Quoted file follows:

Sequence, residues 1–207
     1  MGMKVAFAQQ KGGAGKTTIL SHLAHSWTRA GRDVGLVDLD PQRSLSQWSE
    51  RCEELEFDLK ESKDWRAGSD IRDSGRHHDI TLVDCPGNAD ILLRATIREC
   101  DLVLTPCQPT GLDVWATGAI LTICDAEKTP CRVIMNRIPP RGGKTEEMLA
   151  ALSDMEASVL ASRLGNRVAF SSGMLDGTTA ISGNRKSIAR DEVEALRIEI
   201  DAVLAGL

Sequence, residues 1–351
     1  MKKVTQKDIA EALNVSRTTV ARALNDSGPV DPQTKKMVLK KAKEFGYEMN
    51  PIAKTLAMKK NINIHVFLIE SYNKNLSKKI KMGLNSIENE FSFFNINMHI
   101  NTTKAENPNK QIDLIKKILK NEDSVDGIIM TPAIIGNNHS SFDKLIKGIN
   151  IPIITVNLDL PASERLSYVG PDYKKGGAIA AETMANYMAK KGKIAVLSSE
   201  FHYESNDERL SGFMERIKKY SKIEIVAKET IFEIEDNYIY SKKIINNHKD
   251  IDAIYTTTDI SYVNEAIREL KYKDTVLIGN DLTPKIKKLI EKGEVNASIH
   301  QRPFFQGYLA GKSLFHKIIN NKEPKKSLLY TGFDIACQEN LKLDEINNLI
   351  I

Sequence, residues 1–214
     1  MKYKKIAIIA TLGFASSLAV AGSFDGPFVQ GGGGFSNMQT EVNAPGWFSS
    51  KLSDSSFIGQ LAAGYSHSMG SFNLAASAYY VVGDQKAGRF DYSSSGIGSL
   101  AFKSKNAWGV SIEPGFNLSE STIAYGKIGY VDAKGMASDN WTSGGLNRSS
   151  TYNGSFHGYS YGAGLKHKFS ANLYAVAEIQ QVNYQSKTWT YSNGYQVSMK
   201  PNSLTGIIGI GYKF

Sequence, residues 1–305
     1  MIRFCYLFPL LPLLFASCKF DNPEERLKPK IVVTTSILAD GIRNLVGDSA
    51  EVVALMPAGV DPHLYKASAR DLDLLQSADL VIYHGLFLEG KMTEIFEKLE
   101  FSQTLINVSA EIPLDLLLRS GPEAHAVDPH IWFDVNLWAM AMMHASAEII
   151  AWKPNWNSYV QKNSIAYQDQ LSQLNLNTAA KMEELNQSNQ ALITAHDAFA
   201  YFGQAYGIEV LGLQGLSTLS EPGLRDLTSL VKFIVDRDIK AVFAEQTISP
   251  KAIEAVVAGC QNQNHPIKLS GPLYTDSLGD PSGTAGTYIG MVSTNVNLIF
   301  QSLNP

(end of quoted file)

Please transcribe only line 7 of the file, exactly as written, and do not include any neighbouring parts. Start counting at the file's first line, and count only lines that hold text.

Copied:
Sequence, residues 1–351